Where all are activated charcoal filters used

The functioning of activated carbon/charcoal filters and its usage or application across categories

Activated carbon filters, or ACFs as they are also called, are widely known to be effective in filtering pollutants in both gaseous as well as liquid form. This makes them useful in a variety of industrial and non-industrial applications. In fact, the first documented usage of activated charcoal goes way back to 3750 BC (that is some 5770 years ago) when it was used by Egyptians in smelting ores to create bronze. Around 1500 BC (3525 years ago) Egyptians were using activated charcoal in digestive medical remedies and in removing unpleasant odours. In 400 BC (2425 years ago) people in the Indian subcontinent were using ACFs in water purification.

ACFs basically work on the concept of absorption and are used extensively in air purifiers, water treatment plants, air conditioners, odour control devices, alcohol purification, industrial applications such as in the metals industry etc. In hospitals they are used in face masks and in liver and kidney dialysis equipments. Some premium soap and skincare brands add them as an ingredient in their products. ACFs are even used by vets for animal treatment in case the pet swallows something harmful for example.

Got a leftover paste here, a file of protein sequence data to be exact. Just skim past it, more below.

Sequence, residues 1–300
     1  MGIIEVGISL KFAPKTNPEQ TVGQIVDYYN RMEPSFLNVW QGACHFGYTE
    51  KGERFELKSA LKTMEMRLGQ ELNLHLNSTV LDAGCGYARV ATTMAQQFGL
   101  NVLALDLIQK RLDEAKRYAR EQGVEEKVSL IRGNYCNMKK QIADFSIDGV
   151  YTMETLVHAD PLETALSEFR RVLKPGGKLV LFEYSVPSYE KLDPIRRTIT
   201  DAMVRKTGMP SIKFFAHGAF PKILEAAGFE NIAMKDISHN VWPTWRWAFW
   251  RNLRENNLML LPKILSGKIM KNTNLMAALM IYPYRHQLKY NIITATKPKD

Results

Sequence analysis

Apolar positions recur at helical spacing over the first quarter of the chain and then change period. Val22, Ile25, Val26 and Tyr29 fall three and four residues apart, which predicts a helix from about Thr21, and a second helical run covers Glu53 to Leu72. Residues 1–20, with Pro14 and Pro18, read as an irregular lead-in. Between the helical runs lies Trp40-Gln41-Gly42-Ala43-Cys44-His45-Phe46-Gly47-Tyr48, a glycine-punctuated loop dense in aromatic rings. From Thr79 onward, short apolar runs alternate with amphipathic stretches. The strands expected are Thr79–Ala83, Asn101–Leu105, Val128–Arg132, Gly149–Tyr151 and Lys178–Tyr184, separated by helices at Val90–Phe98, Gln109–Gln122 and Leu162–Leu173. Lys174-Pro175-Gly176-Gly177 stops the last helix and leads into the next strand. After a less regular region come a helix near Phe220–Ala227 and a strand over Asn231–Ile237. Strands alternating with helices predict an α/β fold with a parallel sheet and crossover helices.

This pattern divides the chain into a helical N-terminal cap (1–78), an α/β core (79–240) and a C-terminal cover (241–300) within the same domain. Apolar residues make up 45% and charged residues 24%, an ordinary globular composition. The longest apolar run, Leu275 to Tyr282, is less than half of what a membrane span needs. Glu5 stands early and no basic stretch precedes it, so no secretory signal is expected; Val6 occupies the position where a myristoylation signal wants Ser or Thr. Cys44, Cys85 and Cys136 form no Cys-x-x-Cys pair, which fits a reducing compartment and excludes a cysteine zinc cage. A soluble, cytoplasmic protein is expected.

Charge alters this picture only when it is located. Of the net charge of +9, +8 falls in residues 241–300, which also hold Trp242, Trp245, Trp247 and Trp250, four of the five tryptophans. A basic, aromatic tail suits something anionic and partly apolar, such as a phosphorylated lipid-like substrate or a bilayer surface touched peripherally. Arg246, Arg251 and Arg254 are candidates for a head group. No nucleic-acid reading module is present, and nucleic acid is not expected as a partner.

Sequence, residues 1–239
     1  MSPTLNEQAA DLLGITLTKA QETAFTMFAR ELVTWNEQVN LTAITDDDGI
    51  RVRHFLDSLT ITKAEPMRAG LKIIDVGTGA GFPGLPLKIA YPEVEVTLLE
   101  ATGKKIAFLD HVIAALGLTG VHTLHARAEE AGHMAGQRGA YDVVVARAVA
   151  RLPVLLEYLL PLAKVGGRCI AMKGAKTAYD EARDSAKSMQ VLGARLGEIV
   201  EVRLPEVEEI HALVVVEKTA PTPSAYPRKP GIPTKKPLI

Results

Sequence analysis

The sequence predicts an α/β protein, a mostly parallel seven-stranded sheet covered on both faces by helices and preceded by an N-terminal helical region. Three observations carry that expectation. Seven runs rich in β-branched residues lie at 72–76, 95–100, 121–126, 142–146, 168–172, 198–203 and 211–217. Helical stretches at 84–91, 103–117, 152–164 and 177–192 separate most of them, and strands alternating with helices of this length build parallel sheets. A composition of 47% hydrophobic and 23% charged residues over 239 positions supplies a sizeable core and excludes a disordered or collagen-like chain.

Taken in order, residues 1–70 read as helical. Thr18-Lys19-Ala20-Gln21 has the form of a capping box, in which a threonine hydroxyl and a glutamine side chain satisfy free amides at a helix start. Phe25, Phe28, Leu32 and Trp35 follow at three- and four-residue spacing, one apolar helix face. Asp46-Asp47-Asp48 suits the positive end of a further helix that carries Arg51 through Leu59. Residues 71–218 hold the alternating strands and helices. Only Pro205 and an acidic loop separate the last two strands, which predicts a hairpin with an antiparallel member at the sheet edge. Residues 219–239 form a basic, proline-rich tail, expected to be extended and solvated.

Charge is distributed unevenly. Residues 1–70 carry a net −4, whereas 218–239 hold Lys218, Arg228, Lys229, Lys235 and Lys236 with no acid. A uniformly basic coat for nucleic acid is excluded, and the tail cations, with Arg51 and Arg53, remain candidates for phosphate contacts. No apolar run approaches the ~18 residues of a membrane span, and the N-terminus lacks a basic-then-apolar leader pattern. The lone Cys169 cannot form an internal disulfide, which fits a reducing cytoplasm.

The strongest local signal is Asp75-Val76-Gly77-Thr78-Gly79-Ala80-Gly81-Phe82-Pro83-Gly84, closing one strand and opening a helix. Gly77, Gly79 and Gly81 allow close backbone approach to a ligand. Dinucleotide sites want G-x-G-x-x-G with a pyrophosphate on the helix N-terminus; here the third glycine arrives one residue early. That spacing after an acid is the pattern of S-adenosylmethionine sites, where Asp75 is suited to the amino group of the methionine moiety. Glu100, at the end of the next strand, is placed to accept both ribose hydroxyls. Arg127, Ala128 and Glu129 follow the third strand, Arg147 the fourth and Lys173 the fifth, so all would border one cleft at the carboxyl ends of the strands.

They have also been in use as smoking filters for pipes, and since 2020 are being increasingly used as smoking filters for rolled joints. Charcoal is a form of carbon with a highly porous structure making it great for absorption. The carbon here is ‘activated’, meaning it is exposed to heat in oxygen-less tanks at temperatures going up to 700°C, and then re exposed to heat of up to 1,150°C. This process substantially increases the number of pores and the total surface area which enables increased absorption capacity. Thus when smoke containing tar and other carcinogens and harmful substances pass through it, they get attached and absorbed into these tiny holes, thereby reducing the harm from the smoke as it comes out of the filter into a consumers’ lungs. We at PEER Next use active charcoal made of Coconut shell, which it is known to be the best raw material as it is more sustainable than other available options and because coconut shells naturally have more micro pores resulting in higher absorption and better filtering capability. 


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